One in the Hand, Two in the Bush

No doubt you’ve heard the saying before:

Is a bird in the hand always worth 2 in the bush?

“Better to have a bird in the hand than two in the bush.”

It’s a very wise saying but if that bird in the hand is rotting away at you, there should be no reason to keep it.

Unfortunately many owners unwittingly follow the “one hand, two bush” model to the detriment of their business.  This is none truer than in the industry we work in here at OI Group of Companies. Many companies we encounter already have systems or processes in place to handle such things as bookkeeping, payroll, and human resources.  What we often hear, though, is how much these owners struggle with their existing systems and find their time wasted on menial tasks.  However, when given the opportunity to try  something new that would elevate some of this pressure, they shy away, holding fast to the dying bird in their hand.

Don’t get me wrong.  I can sympathize with many of these companies.  When it comes to technology solutions, businesses often invest a lot of money into software and programs they expect to work.  It’s hard to walk away from all that has already been invested into a given system without any absolute insurance that a new system will be different.  Often, there really isn’t the time to spend relearning processes and screens and buttons and programs.  Then there’s the intrinsic trust factor.  The systems need to work flawlessly or there are legal and monetary consequences!

It can be daunting to face the possibility of change but staying with an existing setup that isn’t working can be just as dangerous and worrisome.  Critical information can be missed or slip through the cracks.  Opportunities can come and go without you as the business owner having the time or capacity. On top of it all, there’s just as many legal and monetary consequences for staying with older or broken systems.

Weighing risk vs benefit in these situations can be complicated for any company.  There are ways, however, to help you identify when it is time for you to consider another solution.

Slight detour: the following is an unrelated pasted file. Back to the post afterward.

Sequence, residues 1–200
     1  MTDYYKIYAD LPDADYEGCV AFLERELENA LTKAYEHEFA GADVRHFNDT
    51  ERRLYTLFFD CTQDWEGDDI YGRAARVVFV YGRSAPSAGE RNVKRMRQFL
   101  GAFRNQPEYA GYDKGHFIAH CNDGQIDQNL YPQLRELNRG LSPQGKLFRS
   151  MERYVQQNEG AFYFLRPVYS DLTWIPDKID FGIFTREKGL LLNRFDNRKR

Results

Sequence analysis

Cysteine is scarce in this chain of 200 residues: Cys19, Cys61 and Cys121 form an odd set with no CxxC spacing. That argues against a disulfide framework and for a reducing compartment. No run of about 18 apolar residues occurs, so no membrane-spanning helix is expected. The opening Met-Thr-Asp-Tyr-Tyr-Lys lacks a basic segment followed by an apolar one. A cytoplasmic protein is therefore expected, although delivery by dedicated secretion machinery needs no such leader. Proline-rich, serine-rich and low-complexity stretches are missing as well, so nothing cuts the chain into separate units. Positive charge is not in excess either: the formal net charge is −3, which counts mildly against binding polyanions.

Calculate the “true” cost of your system

Often people give us a dollar value for their system which only relates to a program or software they have purchased.   It’s easy to measure an expense when it’s a direct payment such as this.  In most cases, this is far from the true cost.  Other factors should be taken into consideration:

  • How much of your time are you spending on the system?
  • How much of your time/effort is invested in fixing the system or training others on the system?
  • How much of your employee’s time is invested in entering information into the system?
  • How much of your employee’s role/job relate to the system?

Each of these can easily be given a dollar value by equating it to $/hour which will help in establishing some of the true costs of your current system.

Clearly identify the needs and gaps

Many business owners sense there is something wrong with  their system but haven’t taken the time to truly identify the issues with it.  That often leads to overspending and repeating the same issues and mistakes.  Some business owners get won over by a flashy salesman and are disappointed afterwards.

  • Create a simple list of everything you can think of that you’d like to see in your system or process.  Make sure each thing you list is something that can be measured and not a soft aspect; e.g., Don’t use phrases like “Customer Support is prompt”.  Instead be definite, “You can be assured of a response from Customer Support within the business day on critical issues.”
  • Decide which are “needs”, things that absolutely must exist for you to operate, and which are “wants”.  Try to limit your needs to no more than 10 items.
  • Decide how important your “wants” are.  Can you live without some of them?
  • As you explore systems, evaluate them honestly and against the “needs” first.  If a system doesn’t meet a particular need, don’t waste any more time on it.   Move on!

Don’t get rid of it all

Many people think that if they do away with one part, they must do away with the whole system or process.  In reality, many times you can still retain certain components that are working and get them integrated into better systems or processes.  By doing so and being able to reuse what is already working, you have a higher chance of future success which will help alleviate some of the concerns about wasting money.

Develop a transition plan

Without a doubt, if you decide to make any changes even within your existing systems, it’s good to have a solid transition plan.  A good transition plan is like a good story; it has a beginning, middle and end.  There are many great project management resources out there to help you plan this.  The basics are:

  • Have clearly identified roles and responsibilities and real people assigned to tasks.
  • Have a realistic timeline laid out
  • Have clear goals and a vision of what the final product will look like
  • Have contingency plans in the event something goes wrong

Letting go of the bird in the hand can definitely be a scary step for any business owner but often it’s a necessary step in order to allow the business to grow.

Have you considered making a change for your business?  Are you in the midst of such a change right now?  We’d love to hear from you if you’ve tried any of the above strategies and found them of help.  Just comment below.